Dickinson will invite students back for the spring. Campus buildings are closed and face coverings are required on campus.
by Alexander Bossakov ’20
As a Community Engagement Fellow, service trips coordinator, Posse scholar, student participant in CommServ’s Dreamcatchers program and MOB executive director, Ken Bamba ’20 (international business & management), who recently earned Dickinson's Community Engagement Award, has used much of his time at Dickinson to explore the meaning of community and civic engagement. In fact, three out of five of the above activities are housed under the Center for Civic Learning & Action (CCLA)—Dickinson’s center for developing ethical civic leaders who collaborate in the pursuit of just and resilient communities. Many of the center’s programs are led by students like Bamba, who find that what they give to community, community gives back to them.
As a first-generation college student and first-generation American, Bamba wasn’t always sure what to expect from college—but he found extraordinary direction and inspiration from those around him.
“Meeting upperclassmen and allowing them to give me advice and show me different opportunities, and saying yes to these opportunities, really influenced me and allowed me to find new passions,” says Bamba, who ended up contributing to and getting involved with many previously unfamiliar positions and organizations. In any capacity, Bamba is intentional about using his current roles and experience to empower and inspire more people to get involved in and to be advocates for civic engagement in communities that surround us. His work at CCLA gives him a platform to do precisely that, in an ethically informed, meaningful and collaborative manner.
“My service trip leader on my first service trip is the reason I became a Community Engagement Fellow, actually,” Bamba says, emphatically expressing his appreciation for the upperclassmen who have helped him get to where he is now. Without them, he says, he would not have known about or gotten involved with many of the programs he eventually got to not only participate in but also lead, come senior year. Today, he reflects on service trips as being some of the most meaningful experiences he’s had at Dickinson.
“Dickinson does service trips unlike a lot of other colleges,” he says. “Through relationships, the values we talk about, the reflection process, we encourage participants to really consider what it means to be part of a community. The why of why we do service trips is so big.”
Four years later, Bamba still keeps in touch with some of the people he met during his first service trip to Americus, Georgia, and, with Beth Eidam ’20, trains service trip leaders to take on the responsibility they all will bear.
Bamba has made a point of making sure other people are aware of and have access to these opportunities. His desire to advocate for service trips comes from the enormous satisfaction he has derived from the experience, the subsequent relationships, meaningful reflections and enrichment of cross-cultural communication skills.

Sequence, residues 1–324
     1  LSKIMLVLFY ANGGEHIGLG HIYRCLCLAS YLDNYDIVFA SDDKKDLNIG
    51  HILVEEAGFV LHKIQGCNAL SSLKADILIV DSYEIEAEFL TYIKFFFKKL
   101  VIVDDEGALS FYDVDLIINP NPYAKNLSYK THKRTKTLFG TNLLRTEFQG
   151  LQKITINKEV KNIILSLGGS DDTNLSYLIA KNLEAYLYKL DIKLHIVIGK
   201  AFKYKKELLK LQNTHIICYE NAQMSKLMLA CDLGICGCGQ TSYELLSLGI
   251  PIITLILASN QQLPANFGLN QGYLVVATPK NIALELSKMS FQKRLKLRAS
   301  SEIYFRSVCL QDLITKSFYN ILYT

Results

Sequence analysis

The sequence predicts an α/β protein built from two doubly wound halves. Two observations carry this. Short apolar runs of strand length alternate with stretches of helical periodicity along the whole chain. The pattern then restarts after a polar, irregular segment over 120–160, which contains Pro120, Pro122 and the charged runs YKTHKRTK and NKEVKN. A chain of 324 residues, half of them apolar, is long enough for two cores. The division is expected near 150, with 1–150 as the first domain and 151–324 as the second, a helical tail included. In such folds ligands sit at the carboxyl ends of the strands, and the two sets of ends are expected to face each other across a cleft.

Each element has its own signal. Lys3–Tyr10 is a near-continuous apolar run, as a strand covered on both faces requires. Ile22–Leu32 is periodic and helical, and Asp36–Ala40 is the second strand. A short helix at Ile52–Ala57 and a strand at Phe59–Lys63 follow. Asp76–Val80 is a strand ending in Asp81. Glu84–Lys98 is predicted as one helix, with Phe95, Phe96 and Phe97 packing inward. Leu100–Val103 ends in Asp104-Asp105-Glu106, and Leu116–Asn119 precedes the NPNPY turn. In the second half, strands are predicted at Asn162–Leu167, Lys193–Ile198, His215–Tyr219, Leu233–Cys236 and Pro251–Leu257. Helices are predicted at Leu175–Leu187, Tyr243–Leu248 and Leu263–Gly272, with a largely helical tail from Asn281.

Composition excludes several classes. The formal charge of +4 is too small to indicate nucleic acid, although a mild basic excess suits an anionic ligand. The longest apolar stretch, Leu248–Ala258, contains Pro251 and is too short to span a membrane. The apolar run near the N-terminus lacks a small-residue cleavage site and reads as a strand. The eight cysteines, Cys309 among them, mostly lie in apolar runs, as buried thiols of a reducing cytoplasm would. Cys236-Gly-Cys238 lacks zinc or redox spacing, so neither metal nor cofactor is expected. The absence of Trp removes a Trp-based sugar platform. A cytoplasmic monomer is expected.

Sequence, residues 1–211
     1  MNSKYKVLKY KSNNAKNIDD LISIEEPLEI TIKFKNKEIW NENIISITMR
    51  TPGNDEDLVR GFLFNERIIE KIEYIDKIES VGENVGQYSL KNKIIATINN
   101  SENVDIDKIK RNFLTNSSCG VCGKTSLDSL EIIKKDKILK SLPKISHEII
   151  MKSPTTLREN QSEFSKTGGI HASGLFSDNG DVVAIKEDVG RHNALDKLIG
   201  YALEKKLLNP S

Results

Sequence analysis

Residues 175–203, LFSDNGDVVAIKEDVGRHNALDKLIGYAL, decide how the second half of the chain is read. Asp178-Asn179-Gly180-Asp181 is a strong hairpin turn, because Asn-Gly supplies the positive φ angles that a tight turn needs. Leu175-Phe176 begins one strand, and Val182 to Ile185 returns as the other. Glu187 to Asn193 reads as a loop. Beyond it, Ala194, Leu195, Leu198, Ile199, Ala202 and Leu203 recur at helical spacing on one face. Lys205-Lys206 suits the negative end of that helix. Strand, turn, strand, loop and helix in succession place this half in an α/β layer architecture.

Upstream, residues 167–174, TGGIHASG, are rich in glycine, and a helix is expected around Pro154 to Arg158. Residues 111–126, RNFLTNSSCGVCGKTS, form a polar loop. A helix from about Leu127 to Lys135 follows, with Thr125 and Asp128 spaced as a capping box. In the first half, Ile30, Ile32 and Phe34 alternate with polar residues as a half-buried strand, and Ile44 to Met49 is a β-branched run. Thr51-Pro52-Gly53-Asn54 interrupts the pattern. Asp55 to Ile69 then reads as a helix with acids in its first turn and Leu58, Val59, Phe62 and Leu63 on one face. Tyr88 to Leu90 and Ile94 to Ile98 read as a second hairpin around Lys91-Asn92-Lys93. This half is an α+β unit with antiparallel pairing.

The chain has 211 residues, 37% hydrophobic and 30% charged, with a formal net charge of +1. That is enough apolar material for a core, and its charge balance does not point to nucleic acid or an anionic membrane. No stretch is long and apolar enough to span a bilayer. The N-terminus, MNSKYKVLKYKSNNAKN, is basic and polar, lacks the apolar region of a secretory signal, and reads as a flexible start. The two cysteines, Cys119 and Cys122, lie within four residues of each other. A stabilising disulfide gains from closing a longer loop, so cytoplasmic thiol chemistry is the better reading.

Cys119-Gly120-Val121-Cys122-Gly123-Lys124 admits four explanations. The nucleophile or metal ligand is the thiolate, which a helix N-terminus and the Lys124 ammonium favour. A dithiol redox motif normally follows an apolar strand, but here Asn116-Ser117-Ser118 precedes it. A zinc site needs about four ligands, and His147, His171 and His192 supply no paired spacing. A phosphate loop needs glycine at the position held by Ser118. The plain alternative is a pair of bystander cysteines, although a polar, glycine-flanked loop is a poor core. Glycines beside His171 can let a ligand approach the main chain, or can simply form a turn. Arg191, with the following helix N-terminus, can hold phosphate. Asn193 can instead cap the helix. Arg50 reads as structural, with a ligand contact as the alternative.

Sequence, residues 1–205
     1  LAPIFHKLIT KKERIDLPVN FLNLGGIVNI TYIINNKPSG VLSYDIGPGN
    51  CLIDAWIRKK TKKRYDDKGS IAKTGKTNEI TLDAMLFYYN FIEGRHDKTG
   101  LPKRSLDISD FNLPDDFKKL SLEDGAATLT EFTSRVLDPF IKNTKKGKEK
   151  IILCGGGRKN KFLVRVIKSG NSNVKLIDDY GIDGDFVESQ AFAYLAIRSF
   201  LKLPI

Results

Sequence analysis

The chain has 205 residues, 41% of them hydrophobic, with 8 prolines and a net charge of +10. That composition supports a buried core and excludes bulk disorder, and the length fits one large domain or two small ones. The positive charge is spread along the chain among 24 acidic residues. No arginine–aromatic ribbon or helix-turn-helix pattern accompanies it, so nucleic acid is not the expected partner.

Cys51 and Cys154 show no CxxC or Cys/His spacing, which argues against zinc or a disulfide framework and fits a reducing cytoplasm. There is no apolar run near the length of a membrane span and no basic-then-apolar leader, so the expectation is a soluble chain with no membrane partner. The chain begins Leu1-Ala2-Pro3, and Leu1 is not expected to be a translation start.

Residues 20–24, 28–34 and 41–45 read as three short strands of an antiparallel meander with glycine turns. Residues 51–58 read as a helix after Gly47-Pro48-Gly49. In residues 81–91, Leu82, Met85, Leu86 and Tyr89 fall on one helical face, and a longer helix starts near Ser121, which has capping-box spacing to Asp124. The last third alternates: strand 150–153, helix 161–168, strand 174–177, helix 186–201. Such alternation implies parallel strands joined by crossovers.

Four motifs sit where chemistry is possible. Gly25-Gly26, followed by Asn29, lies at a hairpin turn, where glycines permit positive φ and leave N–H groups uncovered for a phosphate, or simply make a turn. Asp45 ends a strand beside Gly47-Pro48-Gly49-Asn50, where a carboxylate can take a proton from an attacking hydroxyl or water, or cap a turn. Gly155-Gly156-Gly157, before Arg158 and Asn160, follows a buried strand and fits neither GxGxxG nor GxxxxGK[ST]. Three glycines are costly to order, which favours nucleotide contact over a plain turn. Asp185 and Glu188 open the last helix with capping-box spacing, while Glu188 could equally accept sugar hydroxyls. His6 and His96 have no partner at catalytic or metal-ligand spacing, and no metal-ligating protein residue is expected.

“It’s so important to make sure you are continually trying to bring other people up,” he says, “and that’s a big part of me.”
Having gained so much personally, academically and professionally from these experiences, Bamba repeatedly emphasizes this assumption of responsibility to involve others in civic learning and action, a cornerstone of so much of what he has done at Dickinson.
“After spending a few months with Ken, I have learned so much about what it means to be respected by your peers and what it takes to step into your role as a leader,” says Caroline Eagleton ’23.
“In the way he speaks and acts, you can see his dedication to including people in whichever group he is a part of,” says Sher Bahadur ’22. And at CCLA, Bamba gets to collaborate with an interdependent team of staff, students and faculty, to inspire and involve more people in civic learning and action and occupy a multitude of positions of ethical civic leadership.
In the Community Engagement Fellows program, Bamba has found an established framework with which to marry his values, passions and academic experience—applying his classwork to his work with United Way of Carlisle & Cumberland County, the local organization he is paired with as part of the program. Over the past three years, he has focused on in-depth engagement, interaction and outreach with local neighborhoods to assist in annual campaigns and donation programs. By taking a class on nonprofit management while working with United Way, he has tied theory and praxis through first-hand engagement with the organization and conversations with board and staff members.
Through this student-civil society partnership at the heart of the Community Engagement Fellows program, Bamba participated in United Way’s community needs assessment, learning about Carlisle’s strengths, weaknesses, risks and needs. During his last year as a Community Engagement Fellow, he would like to utilize this improved civic understanding and local awareness, as he writes a grant proposal designed to address a number of these particular needs.
It is these kinds of partnerships, according to Bamba, that will gradually fill current gaps in the relationship between the greater Carlisle community and Dickinson. Continuing to engage with these communities—through CommServ, Community Engagement Fellows, or unique programs like the ongoing Carlisle mosaic (People, Place & Policy)—ensures a commitment to sustainable relationships. Collaboration translates into partnership, and partnership translates into relationship.
“Investing in these relationships is a really important part of what CCLA is doing,” Bamba says, “which I am so grateful for.”
Published March 5, 2020